2018 NSDA National Conference – Virtual Access Registration

National Conference Photos

What can I access online during the conference?

 

Keynote Speeches

LaToya Green (Saturday, July 28 at 7:00 p.m. MST)

Josh Gad (Sunday, July 29 at 12:30 p.m. MST)

James Copeland and Scott Wunn (Monday, July 30 at 9:15 a.m. MST)

Mary Gormley (Monday, July 30 at 12:30 p.m. PT)

 

Town Hall

Future of Public Forum Debate (Sunday, July 29 at 4:15 p.m. PT)
 

Select Sessions

Big Fish, No Pond: Teaching Debate in Isolated Regions
Sunday, July 29 at 9:15 a.m. PT
Presenters: Chris Flowers, Cabot High School, AR; Rosie Valdez, Little Rock Central High School, AR

Whether you’re new to teaching or just new to a district, this session is for those rogue debate coaches operating in isolated regions and communities who want to connect students into the national Policy Debate circuit. Whether it be a lack of competition, professional contacts, or even a lack of student diversity, coaches will benefit from this session through a dialogue with like-minded coaches and opportunities to problem solve with colleagues. Along with this forum, the facilitators will share valuable information and resources for ambitious educators looking to make a big impact with limited resources.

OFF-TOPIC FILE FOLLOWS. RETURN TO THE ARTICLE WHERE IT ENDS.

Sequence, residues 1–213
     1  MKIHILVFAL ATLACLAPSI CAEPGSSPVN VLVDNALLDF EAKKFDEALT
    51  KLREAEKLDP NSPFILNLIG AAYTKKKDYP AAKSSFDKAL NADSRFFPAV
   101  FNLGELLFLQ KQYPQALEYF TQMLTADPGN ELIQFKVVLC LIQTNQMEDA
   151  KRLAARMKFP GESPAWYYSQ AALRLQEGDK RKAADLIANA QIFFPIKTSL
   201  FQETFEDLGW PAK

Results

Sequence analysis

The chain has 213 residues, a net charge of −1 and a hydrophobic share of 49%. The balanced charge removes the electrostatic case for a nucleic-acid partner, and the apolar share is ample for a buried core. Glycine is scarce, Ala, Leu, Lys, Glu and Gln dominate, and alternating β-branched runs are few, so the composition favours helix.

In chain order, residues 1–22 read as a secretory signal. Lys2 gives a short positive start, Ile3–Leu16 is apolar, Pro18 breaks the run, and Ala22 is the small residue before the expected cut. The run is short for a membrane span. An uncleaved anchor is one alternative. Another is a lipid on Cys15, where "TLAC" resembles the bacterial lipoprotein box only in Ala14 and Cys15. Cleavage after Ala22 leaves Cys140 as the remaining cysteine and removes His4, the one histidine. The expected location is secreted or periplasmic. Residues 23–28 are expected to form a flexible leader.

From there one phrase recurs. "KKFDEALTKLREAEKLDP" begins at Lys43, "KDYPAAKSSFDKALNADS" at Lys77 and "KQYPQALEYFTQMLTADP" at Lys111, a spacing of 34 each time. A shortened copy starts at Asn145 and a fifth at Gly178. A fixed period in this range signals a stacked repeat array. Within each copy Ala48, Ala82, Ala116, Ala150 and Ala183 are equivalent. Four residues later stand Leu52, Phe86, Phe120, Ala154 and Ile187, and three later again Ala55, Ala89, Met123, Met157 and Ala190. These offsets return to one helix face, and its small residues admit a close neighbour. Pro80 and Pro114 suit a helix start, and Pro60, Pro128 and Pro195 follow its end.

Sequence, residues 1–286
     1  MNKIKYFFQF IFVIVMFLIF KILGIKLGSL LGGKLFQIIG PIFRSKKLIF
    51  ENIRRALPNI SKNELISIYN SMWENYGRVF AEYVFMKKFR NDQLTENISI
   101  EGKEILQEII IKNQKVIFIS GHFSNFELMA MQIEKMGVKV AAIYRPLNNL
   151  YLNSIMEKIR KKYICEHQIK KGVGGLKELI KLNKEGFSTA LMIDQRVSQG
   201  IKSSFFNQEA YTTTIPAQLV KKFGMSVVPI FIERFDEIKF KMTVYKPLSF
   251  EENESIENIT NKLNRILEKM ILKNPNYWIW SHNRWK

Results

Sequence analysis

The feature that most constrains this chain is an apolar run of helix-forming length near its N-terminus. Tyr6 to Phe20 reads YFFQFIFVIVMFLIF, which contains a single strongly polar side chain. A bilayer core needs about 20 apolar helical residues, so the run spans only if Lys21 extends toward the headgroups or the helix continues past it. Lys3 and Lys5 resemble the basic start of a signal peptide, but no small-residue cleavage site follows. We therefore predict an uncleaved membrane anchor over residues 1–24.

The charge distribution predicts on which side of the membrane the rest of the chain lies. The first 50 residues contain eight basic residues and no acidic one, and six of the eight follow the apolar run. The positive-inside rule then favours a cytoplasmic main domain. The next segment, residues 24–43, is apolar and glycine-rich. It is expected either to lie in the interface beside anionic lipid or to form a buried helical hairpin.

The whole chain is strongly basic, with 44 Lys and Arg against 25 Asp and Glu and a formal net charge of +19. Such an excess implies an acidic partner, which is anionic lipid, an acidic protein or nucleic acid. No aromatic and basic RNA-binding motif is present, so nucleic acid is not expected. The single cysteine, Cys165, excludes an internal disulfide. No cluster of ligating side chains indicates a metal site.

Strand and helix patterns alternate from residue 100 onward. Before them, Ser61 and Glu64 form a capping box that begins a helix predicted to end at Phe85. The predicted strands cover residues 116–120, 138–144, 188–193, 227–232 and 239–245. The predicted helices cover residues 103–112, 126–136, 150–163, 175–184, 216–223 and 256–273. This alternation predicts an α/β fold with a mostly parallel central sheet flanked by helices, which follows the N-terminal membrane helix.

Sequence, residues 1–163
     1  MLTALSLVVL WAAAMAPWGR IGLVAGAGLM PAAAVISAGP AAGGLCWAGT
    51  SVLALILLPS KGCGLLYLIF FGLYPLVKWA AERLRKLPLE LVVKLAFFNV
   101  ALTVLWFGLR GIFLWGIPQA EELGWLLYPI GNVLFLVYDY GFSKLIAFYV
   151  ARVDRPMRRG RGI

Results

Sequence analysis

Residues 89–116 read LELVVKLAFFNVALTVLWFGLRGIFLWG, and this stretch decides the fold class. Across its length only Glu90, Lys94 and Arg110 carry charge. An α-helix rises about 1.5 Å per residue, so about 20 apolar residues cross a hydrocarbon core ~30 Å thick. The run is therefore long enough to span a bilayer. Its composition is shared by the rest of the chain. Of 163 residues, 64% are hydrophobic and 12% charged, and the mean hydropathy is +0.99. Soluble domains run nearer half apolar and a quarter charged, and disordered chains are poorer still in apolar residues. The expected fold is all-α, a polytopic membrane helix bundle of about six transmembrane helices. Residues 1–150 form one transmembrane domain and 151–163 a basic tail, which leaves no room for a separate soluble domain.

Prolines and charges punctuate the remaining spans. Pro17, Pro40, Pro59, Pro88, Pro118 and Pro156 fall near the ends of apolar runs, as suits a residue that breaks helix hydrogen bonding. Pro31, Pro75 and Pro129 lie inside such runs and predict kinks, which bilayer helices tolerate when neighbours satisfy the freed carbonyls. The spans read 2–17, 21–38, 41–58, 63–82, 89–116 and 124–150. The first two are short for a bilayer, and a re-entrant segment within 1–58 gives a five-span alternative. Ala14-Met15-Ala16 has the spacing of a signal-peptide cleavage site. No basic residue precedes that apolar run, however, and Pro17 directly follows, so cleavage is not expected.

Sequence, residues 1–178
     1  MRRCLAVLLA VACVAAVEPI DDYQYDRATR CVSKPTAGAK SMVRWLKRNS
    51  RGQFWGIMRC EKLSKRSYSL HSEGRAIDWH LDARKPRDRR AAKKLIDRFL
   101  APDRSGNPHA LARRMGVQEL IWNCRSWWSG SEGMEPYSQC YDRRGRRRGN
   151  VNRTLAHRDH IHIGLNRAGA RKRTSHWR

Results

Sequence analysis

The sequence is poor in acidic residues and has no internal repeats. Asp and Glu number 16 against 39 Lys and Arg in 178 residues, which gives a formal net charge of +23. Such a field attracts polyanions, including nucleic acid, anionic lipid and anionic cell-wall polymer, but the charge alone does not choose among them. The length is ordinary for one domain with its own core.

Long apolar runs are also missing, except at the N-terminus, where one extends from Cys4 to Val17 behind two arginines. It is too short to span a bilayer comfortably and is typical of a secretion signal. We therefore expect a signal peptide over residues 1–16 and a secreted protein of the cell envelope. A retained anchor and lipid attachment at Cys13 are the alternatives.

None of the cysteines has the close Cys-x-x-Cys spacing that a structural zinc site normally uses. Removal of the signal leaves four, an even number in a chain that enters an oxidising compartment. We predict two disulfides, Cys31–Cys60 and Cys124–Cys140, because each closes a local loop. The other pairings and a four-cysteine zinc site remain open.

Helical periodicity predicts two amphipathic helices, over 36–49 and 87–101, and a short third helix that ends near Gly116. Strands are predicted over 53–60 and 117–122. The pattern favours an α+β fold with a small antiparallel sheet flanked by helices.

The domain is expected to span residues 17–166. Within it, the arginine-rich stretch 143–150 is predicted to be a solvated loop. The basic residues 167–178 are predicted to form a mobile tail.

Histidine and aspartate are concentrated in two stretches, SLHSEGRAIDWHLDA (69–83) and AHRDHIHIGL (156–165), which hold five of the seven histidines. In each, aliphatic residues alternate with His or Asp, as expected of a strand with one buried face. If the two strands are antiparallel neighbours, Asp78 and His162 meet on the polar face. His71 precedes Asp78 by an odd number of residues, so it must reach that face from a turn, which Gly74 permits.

Finding the Honest Voice of the Character
Sunday, July 29 at 10:45 a.m. PT
Presenters: Timothy Cornwell, McClintock High School, AZ; Meg Howell-Haymaker, Mountain View High School, AZ; Debbie Simon, Milton Academy (Retired), MA